Thursday, May 3, 2012

"Only a Kid"? So?

Benjamin Coady, a guy who knows a thing or to about history, was strolling around the Metropolitan Museum of Art a few months ago when he noticed something interesting. He'd expected to just see "art on a wall", but here was, of all the captivating things, a map of the Byzantine Empire, supposedly at it's largest. He checked the dates and found something out of place.

This one includes parts of southern Spain and northern Africa. That one did not.
Coady did the natural thing for a guy confident in his own knowledge: he informed the front desk.
They didn't believe him. They instructed him to fill out a form. So he did.
Several months later, curator Helen Evans emailed him back. "You are, of course, correct about the boundaries of the Byzantine Empire under Justinian."
And now the story has gone viral. Because everybody is fascinated by the Byzantine Empire (What, you've never heard of Justinian? Good. I'm not as stupid as I thought I was).
Benjamin Coady is thirteen years old. He said, "The front desk didn't believe me. I'm only a kid."
This is Benjamin on an exclusive tour:

Benjamin impersonating a work of art while on an exclusive tour:

And Benjamin on a normal day:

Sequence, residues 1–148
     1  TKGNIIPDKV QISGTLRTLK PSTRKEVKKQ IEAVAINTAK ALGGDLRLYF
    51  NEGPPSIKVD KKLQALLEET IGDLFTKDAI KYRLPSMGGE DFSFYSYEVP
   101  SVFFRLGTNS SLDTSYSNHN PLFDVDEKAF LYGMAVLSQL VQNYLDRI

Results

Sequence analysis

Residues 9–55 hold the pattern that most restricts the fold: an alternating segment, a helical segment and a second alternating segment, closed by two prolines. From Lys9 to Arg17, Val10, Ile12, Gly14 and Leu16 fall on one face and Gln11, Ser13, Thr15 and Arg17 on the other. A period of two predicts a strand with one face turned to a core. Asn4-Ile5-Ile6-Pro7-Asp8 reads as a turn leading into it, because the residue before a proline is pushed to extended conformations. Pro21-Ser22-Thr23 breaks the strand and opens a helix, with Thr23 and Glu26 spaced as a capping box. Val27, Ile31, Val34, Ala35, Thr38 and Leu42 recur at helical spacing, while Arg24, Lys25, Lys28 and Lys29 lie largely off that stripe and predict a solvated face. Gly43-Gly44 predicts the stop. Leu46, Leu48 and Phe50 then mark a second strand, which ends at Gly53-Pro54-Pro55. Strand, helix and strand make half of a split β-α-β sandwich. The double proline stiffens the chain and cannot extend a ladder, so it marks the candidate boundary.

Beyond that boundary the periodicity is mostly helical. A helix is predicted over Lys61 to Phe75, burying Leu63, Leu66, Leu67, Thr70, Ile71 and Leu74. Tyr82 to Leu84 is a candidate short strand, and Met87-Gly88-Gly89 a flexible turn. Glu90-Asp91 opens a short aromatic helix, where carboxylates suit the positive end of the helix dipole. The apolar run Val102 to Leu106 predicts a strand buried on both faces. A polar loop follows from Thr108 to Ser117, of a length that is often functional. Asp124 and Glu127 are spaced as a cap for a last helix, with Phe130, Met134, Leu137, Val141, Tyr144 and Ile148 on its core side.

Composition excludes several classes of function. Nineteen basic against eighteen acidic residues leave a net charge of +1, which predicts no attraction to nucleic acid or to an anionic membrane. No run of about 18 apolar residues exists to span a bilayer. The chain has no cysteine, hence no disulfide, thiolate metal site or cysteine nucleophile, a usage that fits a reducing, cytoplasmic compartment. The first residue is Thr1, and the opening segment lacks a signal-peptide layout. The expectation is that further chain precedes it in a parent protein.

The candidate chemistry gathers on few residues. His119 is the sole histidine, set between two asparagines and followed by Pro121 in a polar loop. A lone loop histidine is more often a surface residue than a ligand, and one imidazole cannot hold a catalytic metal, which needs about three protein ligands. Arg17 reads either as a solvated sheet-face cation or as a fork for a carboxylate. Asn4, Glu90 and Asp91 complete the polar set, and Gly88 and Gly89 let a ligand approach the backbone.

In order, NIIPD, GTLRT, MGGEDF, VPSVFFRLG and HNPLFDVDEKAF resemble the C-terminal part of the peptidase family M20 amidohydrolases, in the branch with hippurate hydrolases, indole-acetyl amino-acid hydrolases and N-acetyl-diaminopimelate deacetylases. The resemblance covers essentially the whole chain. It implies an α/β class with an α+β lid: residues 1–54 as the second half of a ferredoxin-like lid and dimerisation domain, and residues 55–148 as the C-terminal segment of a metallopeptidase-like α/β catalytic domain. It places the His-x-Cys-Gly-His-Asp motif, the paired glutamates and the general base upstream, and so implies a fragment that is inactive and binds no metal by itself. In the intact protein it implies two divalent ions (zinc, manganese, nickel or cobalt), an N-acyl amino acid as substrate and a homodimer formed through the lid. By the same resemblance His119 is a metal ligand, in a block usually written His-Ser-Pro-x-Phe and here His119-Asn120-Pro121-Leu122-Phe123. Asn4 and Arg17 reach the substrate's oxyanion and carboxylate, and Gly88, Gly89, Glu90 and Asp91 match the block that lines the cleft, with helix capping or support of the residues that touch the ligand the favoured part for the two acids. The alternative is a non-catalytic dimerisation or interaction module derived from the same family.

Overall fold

If he were thirty, nobody would care to read it and no reporter would care to look up the spelling of 'Byzantine'. But now everybody from yahoo to upi is abuzz with responses.
"I to would be proud if he were my child. Heck, he's not my child and I'm proud of him. Nice job young man."
" Let us all take a moment to rejoice in the fact that there are still young people genuinely interested in History..."
"Wow! A teen who has actually opened a book instead of an iPad, laptop, new Playstation game. Maybe there is hope for the next generation. Good catch!"
-tcquilter, Tampa, Florida

Why is it so surprising that a thirteen-year-old knows something? I'm more impressed by his courage to speak up. And the whole idea that teenagers spend the majority of their time doing this:

It's a stereotype. Whenever I walk around with my earphones in public, whether I'm at a library or movie theater or simply walking down a street, I can't help but feel that all the adults are sorting me into a single category.
Smart people exist. Smart people occasionally do something worthwhile. Young people are not any stupider than they were thirty years ago. It may seem that way because now you read about a car crash and think "one of them" instead of "one of us". Everything's different looking back.

Funny how "them" seems to be the biggest scapegoat in history, more than Obama, communists, witches, Jews, Muslims, youth, and even the weatherman. Everything that happens must be somebody's fault, but somebody is too vague a term to pin down on some mortal human being we come in contact with.
And no, history isn't doomed either. Not unless you layoff our teachers for not teaching math and science. the ways of the future.

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